Monday, December 10, 2012

A world without managers?

Phil Haack feels good - very good - after a year at GitHub. He loves the fact that there are no managers, and wonders if this is the way of the future. He points to the super successful Steam as another IT example of no-managers, and also to Gore & Associates as an example of a large and established company doing the same.

Well, what are us manager types to think of this? Do our careers have a use-by date? Are our days numbered? Well, I wouldn't worry too much. For a start, these ideas are not new. Gore has been running things that way for over 30 years, and it hasn't really caught on. Why? Because it is really, really hard to do!

What about GitHub and Steam? How have they pulled it off? They are both high-margin, high-profile businesses. That is, they attract absolutely top-tier talent, and have the cash to compensate them. Obviously a group of super-smart, super-motivated, super-skilled people are able to get by with loose structures, and still achieve success.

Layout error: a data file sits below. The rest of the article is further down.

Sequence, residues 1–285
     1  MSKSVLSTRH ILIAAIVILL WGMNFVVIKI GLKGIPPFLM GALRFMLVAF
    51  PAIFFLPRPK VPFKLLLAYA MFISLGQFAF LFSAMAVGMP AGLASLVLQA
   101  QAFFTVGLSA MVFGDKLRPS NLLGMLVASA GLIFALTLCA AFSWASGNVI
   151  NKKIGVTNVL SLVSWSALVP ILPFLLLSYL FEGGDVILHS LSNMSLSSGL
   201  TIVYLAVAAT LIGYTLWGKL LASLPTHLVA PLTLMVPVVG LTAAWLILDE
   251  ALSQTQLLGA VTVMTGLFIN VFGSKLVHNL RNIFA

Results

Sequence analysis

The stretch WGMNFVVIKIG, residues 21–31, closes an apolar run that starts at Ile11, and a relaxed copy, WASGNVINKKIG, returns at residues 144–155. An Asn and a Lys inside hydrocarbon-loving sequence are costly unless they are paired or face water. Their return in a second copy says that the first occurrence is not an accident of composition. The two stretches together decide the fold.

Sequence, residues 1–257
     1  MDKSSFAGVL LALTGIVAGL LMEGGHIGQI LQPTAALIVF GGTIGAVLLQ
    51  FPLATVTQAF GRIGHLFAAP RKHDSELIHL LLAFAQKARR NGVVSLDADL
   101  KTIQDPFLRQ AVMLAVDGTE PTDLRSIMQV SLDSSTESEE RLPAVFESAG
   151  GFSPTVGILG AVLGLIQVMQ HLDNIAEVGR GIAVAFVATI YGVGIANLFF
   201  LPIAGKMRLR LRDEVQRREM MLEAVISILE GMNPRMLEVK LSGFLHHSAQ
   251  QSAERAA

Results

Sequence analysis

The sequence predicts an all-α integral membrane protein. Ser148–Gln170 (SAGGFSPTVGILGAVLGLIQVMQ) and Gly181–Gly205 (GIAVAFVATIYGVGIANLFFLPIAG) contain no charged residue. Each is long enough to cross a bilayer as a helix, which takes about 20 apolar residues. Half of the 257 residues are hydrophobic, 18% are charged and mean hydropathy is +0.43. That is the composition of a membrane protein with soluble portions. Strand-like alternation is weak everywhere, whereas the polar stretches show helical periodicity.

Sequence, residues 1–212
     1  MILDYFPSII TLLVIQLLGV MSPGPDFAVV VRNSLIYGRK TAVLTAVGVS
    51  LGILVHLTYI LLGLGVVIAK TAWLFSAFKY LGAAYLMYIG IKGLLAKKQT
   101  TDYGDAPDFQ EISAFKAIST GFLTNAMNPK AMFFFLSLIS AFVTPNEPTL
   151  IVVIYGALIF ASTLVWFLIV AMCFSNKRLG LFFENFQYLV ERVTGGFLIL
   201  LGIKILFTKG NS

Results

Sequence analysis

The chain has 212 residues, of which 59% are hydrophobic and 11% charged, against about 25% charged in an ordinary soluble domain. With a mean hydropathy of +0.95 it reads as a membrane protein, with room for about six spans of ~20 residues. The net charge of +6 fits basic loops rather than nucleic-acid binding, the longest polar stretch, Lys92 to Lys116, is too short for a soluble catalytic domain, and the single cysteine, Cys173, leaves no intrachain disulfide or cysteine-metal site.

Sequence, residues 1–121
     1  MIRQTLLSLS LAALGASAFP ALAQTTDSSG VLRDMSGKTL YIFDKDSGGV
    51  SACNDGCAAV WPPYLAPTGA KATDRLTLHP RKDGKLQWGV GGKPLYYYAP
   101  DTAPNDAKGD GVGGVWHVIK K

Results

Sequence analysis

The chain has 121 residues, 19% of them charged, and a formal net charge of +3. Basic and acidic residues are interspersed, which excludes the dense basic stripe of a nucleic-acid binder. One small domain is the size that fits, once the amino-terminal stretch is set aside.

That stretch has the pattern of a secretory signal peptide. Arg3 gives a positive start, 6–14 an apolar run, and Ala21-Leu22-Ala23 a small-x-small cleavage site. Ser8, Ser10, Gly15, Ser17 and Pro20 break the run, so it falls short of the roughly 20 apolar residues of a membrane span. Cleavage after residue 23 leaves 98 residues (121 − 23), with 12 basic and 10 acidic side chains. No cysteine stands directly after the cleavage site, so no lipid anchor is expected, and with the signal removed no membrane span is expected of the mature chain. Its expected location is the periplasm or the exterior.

But there is more to the story. Gore may not have "managers", but they still have leadership. Project teams form around "sponsors", who seem to combine project management with product management, though not traditional line management. Gore have also been forced to put in more structure at the upper levels as the company has expanded.

My point is not that GitHub/Steam/Gore are doing something wrong. On the contrary, I think it is very right - for their contexts. I also note that, though they may have abolished managers, they have not abolished leadership. Leadership has good currency, and is always in demand.


Chris said...

You make a good point about leadership and, from what I can tell, these anti-management companies have discovered that you can more easily tap into the leadership potential of your employees when you give them the opportunity to use that potential. For every manager-type position that gets added to an organization (be it product mgr, project mgr, or people mgr) you subsequently reduce everyone else's ability to contribute in those areas, reducing their autonomy and squashing their initiative.

The solution to a presumed lack of management is not more managers - it's utilizing and unleashing the managerial potential in everyone.

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